Paradyne shift in Naval Warfare
DECEMBER 24, 2008
The odd thing about this current group of images is my process of gathering. I now take long winter walks on the nearly frozen beaches, scanning the tide line for flotsam and jetsam, the by-product of living on an island. Lots of sea soaked plastic and wood carefully laid out along the beach tide line for me to intensely pick from. As I walk, completely bundled up the sun is shining brightly, the sounds of the waves going in and out are very medative and quite relaxing. The only other sounds to be heard are sea birds who are now starting to get used to me and most dont even fly away as I slowly walk by there fishing spots. Kind of a simple way to forget this mad world we are currently living in and simply go to another place.
From wood to iron and now the warfare goes below
Currently I am enjoying working with wood rather then metal. Its quite cold outside my small shop, the neighbors wood stove often wafts through with the sweet smell of burning wood. I kind of enjoy the smell in the shop, as I saw and glue with my faithful coffee cup always somewhere by my side.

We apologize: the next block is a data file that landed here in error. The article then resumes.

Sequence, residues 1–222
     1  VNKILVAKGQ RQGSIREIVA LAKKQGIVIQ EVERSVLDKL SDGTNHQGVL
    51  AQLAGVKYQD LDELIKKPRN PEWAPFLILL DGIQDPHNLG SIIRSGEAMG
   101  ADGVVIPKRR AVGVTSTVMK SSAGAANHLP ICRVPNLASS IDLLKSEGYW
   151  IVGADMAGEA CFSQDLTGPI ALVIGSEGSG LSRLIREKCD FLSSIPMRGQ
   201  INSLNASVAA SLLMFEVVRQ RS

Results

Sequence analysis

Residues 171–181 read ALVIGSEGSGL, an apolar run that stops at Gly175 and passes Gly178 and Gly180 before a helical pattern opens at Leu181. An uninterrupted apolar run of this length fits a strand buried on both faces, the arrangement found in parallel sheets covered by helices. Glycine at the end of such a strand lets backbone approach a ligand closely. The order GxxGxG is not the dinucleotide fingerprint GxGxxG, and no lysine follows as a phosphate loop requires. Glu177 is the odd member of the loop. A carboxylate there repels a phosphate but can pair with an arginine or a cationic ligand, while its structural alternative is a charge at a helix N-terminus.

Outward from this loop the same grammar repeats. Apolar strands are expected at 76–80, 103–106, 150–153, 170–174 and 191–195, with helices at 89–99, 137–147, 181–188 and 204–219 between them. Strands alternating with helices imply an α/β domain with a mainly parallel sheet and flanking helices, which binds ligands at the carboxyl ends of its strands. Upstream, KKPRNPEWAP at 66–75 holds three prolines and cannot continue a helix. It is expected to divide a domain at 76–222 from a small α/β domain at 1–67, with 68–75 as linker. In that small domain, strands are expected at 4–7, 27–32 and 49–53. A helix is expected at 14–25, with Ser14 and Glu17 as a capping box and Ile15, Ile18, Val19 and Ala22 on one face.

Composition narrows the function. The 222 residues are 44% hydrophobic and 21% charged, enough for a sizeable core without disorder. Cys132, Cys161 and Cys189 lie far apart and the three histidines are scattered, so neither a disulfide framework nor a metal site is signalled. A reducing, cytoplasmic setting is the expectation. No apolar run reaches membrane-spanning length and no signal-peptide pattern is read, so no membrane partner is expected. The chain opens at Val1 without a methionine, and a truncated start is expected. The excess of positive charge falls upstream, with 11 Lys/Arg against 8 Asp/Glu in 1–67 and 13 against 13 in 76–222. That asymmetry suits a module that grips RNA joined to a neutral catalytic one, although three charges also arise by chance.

Boat in Dry-dock, under construction
This is an artists depiction of the 1897 launch and naval sea trial test of John Hollands sixth submarine. She was fifty-three feet long and could travel at seven nautical mph submerged and at eight nautical knots on the surface. She had a gasoline engine for running on the surface and an electrical engine for running submerged. The assistant sectary to the navy loved the design, he was quoted as saying she swims like a fish and dives better then one. This all took place very close to my studio just south of the island in, Elizabeth New Jersey.
John Hollands 1897 Submarine Launch
I can almost hear the sound of this ship under way I believe vessels like this one had huge oppositely opposed pistons that made a thunderous sound as her screws turned under full steam in route towards Manilla.This was the great white fleet coal burning ships made of iron, all painted white
Coal Powered Dreadnought
This tin three and a half foot sculpture has been finished for a while been sitting in the shop, Made a couple of sketches, was going to have the locomotive careening down the tracks, but its is to negative an image, I am much more optimistic then that, I think creatives generally are dreamers, or so we have been called.